Richardson NGB, Bradley WN, Donaldson DR, O’Shaughnessy DF (1998) Maximum surgical blood ordering schedule in a district general hospital saves money and resources. Ann R Coll Surg Engl 80(4):262–265PubMedGoogle Scholar
  11. 11.
    Wilson WJ (1989) Intraoperative autologous transfusion in revision total hip arthroplasty. J Bone Joint Surg Am 71:8–14PubMedGoogle Scholar
  12. 12.
    Zarin J, Grosvenor D, Schurman D, Goodman S (2003) Efficacy of intraoperative blood collection and reinfusion in revision total hip arthroplasty. J Bone Joint Surg Am 85:2147–2151PubMedGoogle Scholar
  13. 13.
    Semkiw LB, Schurman DJ, Goodman SB, Woolson ST (1989) Postoperative blood salvage using cell saver after total joint arthroplasty. J Bone Joint Surg Am 71:823–827PubMedGoogle Scholar
  14. 14.
    Gehrke T (2005) Revision is not difficult!. In: Breusch SJ, Malchau H (eds) The well-cemented total hip arthroplasty: theory and practice. Springer, Berlin, pp 348–358CrossRefGoogle Scholar
  15. 15.
    Lemaire R (2008) Strategies for blood management in orthopaedic and trauma surgery. J Bone Joint Surg Br 90(B9):1128–1136PubMedGoogle Scholar
  16. 16.
    Pola E, Papaleo P, Santoliquido A, Gasparini G, Aulisa L, De Santis E (2004) Clinical factors associated with an increased risk of perioperative blood transfusion in non-anemic patients undergoing total hip arthroplasty. J Bone Joint Surg Am 86(A1):57–61PubMedGoogle Scholar
  17. 17.
    Guay J (2006) Postoperative pain significantly influences postoperative blood loss in patients undergoing total knee replacement. Pain Med 7(6):476–482PubMedCrossRefGoogle Scholar
  18. 18.
    The Sanguis Study Group (1994) Use of blood products for elective surgery in 43 European hospitals. Transfus Med 4:251–268Google Scholar
  19. 19.
    Bierbaum BE, Callaghan JJ, Galante JO, Rubash HE, Tooms RE, Welch RB (1999) An analysis of blood management in patients having a total hip or knee arthroplasty. J Bone Joint Surg Am 81:2–10PubMedGoogle Scholar
  20. 20.
    Churchill WH, McGurk S, Chapman RH, Wallace EL, Bertholf MF, Goodnough LT et al (1998) The Collaborative Hospital Transfusion Study: variations in use of autologous blood account for hospital differences in red cell use during primary hip and knee surgery. Transfusion 38:530–539PubMedCrossRefGoogle Scholar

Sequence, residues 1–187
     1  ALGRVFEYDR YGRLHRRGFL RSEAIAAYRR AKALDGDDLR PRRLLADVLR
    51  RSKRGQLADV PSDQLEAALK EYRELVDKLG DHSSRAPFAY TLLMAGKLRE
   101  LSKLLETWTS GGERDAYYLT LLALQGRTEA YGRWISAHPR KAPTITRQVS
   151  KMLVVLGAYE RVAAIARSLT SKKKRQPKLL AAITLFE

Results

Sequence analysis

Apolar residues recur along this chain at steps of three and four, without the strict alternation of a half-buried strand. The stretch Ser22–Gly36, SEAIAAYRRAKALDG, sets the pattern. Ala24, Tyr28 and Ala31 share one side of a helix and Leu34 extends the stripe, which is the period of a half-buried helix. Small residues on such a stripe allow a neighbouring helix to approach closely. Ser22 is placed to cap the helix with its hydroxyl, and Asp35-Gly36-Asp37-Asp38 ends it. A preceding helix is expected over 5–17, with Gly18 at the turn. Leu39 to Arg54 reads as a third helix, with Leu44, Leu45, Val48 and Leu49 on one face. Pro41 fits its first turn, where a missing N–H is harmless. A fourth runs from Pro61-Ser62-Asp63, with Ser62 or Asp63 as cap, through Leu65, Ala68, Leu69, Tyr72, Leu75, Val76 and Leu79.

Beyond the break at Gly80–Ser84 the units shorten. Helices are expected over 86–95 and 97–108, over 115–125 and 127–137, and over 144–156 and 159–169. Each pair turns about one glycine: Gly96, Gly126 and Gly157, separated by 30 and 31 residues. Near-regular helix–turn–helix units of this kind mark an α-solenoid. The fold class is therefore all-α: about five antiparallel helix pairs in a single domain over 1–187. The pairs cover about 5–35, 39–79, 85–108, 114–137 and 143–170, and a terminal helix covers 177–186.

21. 21.
    Hatzidakis AM, Mendlick RM, McKillip T, Reddy RL, Garvin KL (2000) Preoperative autologous donation for total joint arthroplasty. An analysis of risk factors for allogeneic transfusion. J Bone Joint Surg Am 82:89–100PubMedGoogle Scholar
  22. 22.
    Borghi B, Fanelli G, Celleno D (1999) Autotransfusion with predeposit-haemodilution and perioperative blood salvage: 20 years of experience Rizzoli Study Group on Orthopaedic Anesthesia. Int J Artif Organs 22:230–234PubMedGoogle Scholar
  23. 23.
    Carson JL, Terrin ML, Magaziner J, Chaitman BR, Apple FS, Heck DA, Sanders D (2006) Transfusion trigger trial for functional outcomes in cardiovascular patients undergoing surgical hip fracture repair. Transfusion 46:2192–2206PubMedCrossRefGoogle Scholar
  24. 24.
    Smith TO, Hing CB (2010) Is a tourniquet beneficial in total knee replacement surgery? a meta-analysis and systematic review. Knee 17(2):141–147PubMedCrossRefGoogle Scholar

Copyright information

© Springer-Verlag 2010

Authors and Affiliations

  • Devendra Mahadevan
    • 1
  • Christopher Challand
    • 2
  • Andrew Clarke
    • 2
  • Jonathan Keenan
    • 2
  1. 1.University Hospitals of Leicester, Leicester Royal InfirmaryLeicesterUK
  2. 2.Plymouth Hospitals NHS TrustDerriford HospitalPlymouthUK

Personalised recommendations